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Could dinosaurs have survived asteroid?

The demise of the dinosaurs 65 million years ago has been unsuccessfully pegged to everything from poisoning and constipation to slipped disks and infertility. One of the most engaging ideas currently in vogue is that the dinosaurs were completely wiped out within a year or so after an asteroid slammed into the earth, spewing dust into the atmosphere that altered the climate and killed plants by blocking out the sun (SN: 6/2/79, p. 356). Now a paleontologist at the University of Norte Dame (Ind.) says he has evidence that challenges this theory too.

Keith Rigby and his colleagues recently discovered the bones of dinosaurs that they believe lived at least 40,000 to 200,000 years into the Paleocene epoch after the asteroid impact. The bones were found in streambed relics in the Hell Creek rock formation of east-central Montana.

The researchers do think there was an asteroid and they acknowledge its role in drastically reducing the number of dinosaurs; by their own reckoning the impact killed off at least 70 percent of these animals. But the asteroid did not deliver the final deathblow, they say. Their studies indicate that of the 13 dinosaur species living prior to the asteroid, 11 survived the impact. Moreover, the dinosaurs were already in decline before the asteroid hit. "The asteroid was the icing on a cake that had already been baked," says Rigby.

Rigby's group is not the first to suggest that dinosaurs lived beyond the crash. A few years ago, Jim Fassett, a stratigrapher at the U.S. Geological Survey in Reston, Va., reported what he believes are Paleocene dinosaur remains in New Mexico, which may have been left as much as 4 million years after the impact. Similar findings have been made in other places. And the impact theory has also been challenged on other grounds (SN: 8/31/85, p. 135). But none of these groups has been able to convince the scientific community of the validity of their claims. "This is the first time that there has been conclusive evidence that the dinosaurs did in fact survive the impact," says Rigby.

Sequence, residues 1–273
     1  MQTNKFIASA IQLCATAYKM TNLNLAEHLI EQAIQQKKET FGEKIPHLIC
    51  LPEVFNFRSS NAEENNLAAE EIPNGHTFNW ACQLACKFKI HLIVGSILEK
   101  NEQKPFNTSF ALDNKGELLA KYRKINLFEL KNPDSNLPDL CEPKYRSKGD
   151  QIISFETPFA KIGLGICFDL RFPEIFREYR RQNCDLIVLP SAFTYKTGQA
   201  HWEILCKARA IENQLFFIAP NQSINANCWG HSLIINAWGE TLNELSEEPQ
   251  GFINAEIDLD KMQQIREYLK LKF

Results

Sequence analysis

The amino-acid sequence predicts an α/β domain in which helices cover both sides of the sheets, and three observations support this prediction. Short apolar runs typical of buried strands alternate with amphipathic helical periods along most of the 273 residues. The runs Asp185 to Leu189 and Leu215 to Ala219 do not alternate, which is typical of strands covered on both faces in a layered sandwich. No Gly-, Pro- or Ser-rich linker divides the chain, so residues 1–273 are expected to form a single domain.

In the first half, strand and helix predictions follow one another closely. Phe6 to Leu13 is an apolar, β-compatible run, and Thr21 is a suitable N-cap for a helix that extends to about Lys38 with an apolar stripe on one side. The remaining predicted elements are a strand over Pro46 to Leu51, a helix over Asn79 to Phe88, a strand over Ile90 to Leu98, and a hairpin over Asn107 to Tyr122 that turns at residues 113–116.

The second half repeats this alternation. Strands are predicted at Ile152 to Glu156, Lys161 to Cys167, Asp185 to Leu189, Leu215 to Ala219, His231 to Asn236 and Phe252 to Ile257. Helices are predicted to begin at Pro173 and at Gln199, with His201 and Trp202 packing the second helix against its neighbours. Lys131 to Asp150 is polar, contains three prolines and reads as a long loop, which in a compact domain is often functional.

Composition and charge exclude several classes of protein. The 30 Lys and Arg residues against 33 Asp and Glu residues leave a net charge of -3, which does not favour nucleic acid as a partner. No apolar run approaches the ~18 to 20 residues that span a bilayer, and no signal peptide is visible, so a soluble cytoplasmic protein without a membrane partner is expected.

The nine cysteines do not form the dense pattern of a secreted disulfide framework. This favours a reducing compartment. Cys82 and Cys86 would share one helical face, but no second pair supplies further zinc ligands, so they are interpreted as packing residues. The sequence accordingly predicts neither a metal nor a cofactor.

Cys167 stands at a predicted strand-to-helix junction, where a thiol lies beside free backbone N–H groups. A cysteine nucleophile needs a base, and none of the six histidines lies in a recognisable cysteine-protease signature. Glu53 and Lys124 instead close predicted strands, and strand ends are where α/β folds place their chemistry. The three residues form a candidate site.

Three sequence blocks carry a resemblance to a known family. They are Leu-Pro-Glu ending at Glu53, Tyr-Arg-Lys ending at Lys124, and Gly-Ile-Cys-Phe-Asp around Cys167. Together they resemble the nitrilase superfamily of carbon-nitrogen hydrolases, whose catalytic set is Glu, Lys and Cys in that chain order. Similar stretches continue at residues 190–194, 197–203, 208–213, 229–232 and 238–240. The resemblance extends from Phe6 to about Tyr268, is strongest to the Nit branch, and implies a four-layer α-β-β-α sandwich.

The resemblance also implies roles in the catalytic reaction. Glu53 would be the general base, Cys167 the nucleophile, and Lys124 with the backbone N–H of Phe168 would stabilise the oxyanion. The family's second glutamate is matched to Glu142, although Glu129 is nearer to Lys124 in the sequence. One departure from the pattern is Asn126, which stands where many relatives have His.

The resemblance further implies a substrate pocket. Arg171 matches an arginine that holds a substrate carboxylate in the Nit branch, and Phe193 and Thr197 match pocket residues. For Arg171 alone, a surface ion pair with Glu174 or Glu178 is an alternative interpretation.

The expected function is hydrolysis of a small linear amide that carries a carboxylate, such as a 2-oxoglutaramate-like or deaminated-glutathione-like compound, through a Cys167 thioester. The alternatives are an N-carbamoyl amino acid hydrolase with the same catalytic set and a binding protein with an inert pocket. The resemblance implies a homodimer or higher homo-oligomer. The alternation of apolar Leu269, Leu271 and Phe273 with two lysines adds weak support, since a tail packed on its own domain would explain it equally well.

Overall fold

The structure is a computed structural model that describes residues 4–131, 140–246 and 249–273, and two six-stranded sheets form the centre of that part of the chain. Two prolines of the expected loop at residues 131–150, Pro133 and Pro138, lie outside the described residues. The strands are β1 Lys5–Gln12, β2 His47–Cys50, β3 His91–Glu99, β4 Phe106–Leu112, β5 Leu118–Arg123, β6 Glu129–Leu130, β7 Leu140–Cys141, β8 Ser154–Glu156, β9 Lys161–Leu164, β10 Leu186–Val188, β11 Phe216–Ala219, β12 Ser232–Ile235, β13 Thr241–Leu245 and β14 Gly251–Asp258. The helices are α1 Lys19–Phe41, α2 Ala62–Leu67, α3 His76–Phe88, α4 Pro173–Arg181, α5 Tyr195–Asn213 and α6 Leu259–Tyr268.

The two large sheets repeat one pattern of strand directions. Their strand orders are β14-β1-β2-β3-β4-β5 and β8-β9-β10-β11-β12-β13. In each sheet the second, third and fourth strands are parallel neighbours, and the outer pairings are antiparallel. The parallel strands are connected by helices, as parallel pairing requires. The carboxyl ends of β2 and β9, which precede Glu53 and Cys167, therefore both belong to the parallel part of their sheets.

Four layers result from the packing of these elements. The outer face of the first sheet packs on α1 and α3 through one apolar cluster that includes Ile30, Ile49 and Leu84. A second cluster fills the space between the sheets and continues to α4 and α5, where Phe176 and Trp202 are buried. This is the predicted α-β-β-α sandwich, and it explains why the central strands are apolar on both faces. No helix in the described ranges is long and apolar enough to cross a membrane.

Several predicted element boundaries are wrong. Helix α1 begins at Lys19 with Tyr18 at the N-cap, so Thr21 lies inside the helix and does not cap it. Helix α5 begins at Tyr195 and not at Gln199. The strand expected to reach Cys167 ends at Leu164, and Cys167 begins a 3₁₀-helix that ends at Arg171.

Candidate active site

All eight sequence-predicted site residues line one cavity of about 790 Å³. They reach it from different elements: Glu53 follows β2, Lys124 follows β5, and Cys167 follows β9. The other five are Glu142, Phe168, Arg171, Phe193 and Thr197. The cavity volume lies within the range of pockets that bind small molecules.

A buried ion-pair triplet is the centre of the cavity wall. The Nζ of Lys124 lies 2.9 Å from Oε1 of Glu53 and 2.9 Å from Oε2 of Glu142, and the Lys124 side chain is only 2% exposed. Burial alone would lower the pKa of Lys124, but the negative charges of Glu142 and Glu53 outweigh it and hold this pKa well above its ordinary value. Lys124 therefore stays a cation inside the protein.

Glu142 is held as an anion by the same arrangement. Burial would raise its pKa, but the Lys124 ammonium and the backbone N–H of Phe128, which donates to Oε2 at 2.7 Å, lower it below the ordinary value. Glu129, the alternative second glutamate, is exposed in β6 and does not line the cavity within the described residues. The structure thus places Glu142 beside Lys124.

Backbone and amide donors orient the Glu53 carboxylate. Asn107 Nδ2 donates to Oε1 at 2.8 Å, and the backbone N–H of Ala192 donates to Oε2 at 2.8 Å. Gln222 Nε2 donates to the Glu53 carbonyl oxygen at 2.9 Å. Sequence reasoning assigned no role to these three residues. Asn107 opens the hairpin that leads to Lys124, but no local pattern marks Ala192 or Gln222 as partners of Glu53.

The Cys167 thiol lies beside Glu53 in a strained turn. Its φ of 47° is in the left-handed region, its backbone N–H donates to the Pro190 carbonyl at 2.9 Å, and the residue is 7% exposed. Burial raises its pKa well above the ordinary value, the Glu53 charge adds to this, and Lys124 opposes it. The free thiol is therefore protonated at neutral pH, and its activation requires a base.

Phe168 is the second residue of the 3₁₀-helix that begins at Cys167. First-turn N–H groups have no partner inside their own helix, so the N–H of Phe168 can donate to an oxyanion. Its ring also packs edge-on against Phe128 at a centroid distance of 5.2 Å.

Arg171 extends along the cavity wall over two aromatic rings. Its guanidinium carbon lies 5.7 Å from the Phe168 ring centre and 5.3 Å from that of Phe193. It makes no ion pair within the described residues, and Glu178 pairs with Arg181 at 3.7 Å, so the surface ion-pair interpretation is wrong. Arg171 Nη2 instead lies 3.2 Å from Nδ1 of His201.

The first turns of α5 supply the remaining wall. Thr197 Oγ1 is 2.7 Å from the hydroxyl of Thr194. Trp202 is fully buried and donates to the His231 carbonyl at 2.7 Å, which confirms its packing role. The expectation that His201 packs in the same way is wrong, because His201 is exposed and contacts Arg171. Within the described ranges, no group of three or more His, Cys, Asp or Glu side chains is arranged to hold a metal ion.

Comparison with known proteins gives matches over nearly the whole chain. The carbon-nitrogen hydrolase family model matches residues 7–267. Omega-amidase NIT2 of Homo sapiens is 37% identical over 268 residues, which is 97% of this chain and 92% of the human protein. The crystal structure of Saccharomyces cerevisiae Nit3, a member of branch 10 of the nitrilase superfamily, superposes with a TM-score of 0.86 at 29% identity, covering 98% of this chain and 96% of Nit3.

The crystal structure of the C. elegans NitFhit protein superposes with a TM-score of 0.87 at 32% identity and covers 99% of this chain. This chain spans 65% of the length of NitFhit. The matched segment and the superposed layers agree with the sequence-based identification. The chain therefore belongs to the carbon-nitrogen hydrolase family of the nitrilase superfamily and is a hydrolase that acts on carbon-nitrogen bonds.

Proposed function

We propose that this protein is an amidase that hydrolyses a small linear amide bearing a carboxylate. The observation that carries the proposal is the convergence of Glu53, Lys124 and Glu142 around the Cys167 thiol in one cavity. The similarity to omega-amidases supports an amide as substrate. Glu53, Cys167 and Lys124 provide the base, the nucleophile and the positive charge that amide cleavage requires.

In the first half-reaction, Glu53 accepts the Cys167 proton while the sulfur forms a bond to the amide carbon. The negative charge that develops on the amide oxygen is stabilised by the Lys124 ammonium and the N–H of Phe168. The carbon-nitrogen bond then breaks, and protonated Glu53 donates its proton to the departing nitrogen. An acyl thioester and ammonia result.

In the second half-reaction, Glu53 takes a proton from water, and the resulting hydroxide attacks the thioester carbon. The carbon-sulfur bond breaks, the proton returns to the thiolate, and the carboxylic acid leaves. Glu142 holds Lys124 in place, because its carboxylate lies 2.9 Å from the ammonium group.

Rigby's findings have yet to be reviewed by other scientists because his group is just now submitting its complete results to SCIENCE. Fassett suspects that Rigby's most difficult problem will be to prove that the bones were not reworked--that is, not left during the Cretaceous period before the impact and then dislodged and reburied during the Paleocene. But Rigby says he has many pieces of evidence -- such as dinosaur teeth with sharp edges that would have been worn down by extensive reworking -- that support Paleocene origins.

Another uncertainty rests with the group's dating on bones, which was based on estimates of such inexact factors as sedimentary rates and changes in river flow patterns. Rigby notes that the dinosaurs could have lived even longer than his projections because the fossil record abruptly stops at a layer in which stream channels, the vehicle for collecting bones in high concentrations, disappear as the climate changes.

If Rigby's group is correct, then the question remains why the dinosaurs faced extinction while other species flourished. Rigby suggests that the dinosaurs' last days were spent along the banks of a Nile-like river with resources too limited to satisfy their greater needs. But the answer to "whodunit" must await the writing of the final chapter of this mystery.
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Author:Weisburd, Stefi
Publication:Science News
Date:Sep 7, 1985
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